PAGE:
Microsporogenesis and Microspore (With Diagram) !
During the development of the microsporangium, the anther is seen at first as a homogeneous mass of meristematic cells, oblong in cross-section and surrounded by an epidermis (Fig. 404A).
It then becomes more or less four-lobed and four longitudinal rows of archesporial cells are differentiated. The archesporial cells are marked off from the surrounding cells by their more deeply staining cytoplasm and conspicuous nuclei.
There may be only one such archesporial cell in each of the four lobes (fig. 404B) as in Boerhaavia, etc., or there may be more of them forming a plate (Ophiopogon, etc.).
Longitudinally, also, there may be one to many of them. Each archesporial cell now cuts off a primary parietal cell towards the epidermis and a primary sporogenous cell on the inner side (Fig. 404C).
The parietal cell now divides by periclinal and anticlinal walls giving rise to several layers of cells forming the wall of the anther while the sporogenous cell usually divides a few times giving rise to a number of microspore or pollen mother cells (Fig. 404D).
The innermost layer of wall cells directly abutting on the sporogenous tissue forms the tapetum which is a nutritive tissue nourishing the developing microspores (Fig. 404E). The wall cells just below the epidermis form the endothecium which later loses the cell contents, usually becomes fibrous, and forms the dry coat of the mature anther in which the epidermis becomes rather inconspicuous.
Between the tapetum and the endothecium there are one to three middle layers of cells. The middle layers and the tapetum are usually crushed by the time actual meiosis occurs in the sporogenous cells.
During microsporogenesis (i.e., development of microspores or pollens) the nucleus of each microspore mother cell undergoes meiosis or reduction division ultimately giving rise to four haploid (i.e., possessing ‘n’ number of chromosomes) nuclei (Fig. 404—F & G).
These four nuclei are arranged tetrahedrally (Fig. 404—H & I) and are soon invested with cell walls. Many variations are known of this typical pattern of meiosis, e.g., in maize a wall is formed across the dyad (2-nucleated condition).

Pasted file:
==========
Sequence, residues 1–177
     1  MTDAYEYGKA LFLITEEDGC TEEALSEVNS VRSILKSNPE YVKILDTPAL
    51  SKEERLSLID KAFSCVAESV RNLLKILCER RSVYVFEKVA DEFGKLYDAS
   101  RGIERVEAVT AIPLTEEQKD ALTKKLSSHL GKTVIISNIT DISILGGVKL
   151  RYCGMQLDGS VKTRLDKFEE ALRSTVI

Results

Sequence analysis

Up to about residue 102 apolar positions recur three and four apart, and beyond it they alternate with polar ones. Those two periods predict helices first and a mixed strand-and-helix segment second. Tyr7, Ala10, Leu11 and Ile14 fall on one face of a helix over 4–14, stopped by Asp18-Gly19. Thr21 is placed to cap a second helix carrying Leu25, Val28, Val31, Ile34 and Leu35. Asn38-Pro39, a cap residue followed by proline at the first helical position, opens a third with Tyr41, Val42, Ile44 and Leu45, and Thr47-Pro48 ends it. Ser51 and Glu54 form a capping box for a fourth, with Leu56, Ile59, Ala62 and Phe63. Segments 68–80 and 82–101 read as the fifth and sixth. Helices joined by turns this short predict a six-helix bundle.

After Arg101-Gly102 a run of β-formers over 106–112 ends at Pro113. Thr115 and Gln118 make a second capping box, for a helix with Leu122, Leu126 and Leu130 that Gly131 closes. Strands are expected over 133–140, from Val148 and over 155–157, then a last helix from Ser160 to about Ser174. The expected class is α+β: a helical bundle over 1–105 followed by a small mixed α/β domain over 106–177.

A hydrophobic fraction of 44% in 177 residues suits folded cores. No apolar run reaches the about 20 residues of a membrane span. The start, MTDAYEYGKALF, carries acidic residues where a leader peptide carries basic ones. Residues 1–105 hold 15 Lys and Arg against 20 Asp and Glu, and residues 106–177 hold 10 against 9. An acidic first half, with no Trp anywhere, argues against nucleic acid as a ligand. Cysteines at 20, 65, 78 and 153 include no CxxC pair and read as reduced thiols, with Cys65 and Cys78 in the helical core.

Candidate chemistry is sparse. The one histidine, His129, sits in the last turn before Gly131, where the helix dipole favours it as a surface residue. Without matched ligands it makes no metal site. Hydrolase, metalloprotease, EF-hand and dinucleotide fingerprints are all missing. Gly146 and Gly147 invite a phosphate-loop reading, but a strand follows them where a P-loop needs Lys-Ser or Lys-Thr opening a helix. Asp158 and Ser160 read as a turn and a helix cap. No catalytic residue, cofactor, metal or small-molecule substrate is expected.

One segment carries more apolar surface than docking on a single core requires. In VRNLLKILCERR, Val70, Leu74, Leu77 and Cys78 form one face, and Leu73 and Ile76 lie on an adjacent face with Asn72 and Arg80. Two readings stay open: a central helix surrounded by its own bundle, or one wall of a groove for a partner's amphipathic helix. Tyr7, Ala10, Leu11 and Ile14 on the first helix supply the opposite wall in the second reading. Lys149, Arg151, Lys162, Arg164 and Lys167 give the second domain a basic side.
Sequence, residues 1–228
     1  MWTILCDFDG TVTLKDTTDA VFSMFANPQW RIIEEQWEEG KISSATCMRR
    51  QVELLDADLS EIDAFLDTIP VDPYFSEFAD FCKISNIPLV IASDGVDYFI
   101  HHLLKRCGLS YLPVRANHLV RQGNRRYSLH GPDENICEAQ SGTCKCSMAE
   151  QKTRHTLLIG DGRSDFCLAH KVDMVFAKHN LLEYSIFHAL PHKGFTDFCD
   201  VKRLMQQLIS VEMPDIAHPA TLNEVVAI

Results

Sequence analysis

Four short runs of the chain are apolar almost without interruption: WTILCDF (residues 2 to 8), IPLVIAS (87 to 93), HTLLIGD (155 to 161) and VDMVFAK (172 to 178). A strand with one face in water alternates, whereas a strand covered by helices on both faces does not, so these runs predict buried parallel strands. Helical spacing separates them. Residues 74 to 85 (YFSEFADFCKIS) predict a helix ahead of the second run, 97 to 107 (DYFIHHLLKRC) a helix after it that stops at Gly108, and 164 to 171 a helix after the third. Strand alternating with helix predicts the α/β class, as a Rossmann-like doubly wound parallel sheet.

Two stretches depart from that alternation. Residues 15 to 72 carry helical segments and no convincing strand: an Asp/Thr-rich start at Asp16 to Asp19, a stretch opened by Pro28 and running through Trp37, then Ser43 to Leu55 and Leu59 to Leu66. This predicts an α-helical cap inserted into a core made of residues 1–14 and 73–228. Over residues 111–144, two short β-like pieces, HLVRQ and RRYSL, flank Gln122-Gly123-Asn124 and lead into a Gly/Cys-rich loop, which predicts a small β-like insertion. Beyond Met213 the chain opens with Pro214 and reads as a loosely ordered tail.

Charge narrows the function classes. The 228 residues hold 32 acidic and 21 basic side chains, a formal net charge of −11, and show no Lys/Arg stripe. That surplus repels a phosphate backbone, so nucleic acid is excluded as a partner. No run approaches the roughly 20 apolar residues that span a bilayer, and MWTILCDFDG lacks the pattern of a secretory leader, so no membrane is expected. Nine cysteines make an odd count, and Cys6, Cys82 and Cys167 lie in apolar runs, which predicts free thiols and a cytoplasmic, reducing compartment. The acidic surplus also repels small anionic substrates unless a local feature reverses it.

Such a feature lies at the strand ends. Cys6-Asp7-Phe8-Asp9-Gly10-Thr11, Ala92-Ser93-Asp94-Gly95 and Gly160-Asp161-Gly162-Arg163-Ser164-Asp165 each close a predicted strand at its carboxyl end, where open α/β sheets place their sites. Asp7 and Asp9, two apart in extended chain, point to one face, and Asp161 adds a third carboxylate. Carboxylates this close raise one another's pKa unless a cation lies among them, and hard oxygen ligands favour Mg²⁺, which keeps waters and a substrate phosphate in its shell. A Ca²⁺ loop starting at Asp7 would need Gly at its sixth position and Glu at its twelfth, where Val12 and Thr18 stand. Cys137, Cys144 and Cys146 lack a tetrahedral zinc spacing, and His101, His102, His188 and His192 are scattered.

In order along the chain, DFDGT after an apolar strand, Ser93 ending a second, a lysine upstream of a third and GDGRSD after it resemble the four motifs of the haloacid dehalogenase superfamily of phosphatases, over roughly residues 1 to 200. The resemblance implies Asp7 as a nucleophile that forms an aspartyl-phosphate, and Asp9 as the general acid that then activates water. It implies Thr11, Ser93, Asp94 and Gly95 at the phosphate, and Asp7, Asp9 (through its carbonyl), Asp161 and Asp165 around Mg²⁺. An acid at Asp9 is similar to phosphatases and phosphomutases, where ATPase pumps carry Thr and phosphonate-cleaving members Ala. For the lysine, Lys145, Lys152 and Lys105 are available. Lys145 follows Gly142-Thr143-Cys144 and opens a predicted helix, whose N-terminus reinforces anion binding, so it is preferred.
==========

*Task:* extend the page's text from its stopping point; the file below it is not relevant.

They are now the microspores or pollens which soon dry up and become powdery while the tapetum becomes absorbed.
The anther now becomes a dry structure, the partition walls between the sporangia (i.e., loculi) are usually destroyed (Fig. 404J) and the microspores (pollens) are soon liberated by dehiscence of the anther.
The tapetal cells often become multinucleate and play a great part in the nutrition of the pollens. Sometimes they develop a Plasmodium after disintegration and play a part in the development of the exine of the pollen. Even a part of the sporogenous tissue may break down and serve for nutrition instead of developing spores.
While the pollens are dry and powdery in most flowers, peculiar conditions are often let with. In Annona, Elodea, Typha, etc., the four spores in a tetrad never separate but form compound pollen grains.
In the Mimoseae 8 to 64 pollens often aggregate together while in the gynostegium of Calotropis and the gynostemium of orchids all the pollens of each anther lobe from a characteristic mass called pollinium (Fig. 405). Each pollinium is provided with a stalk called caudicle and a sticky base called disc or corpusculum.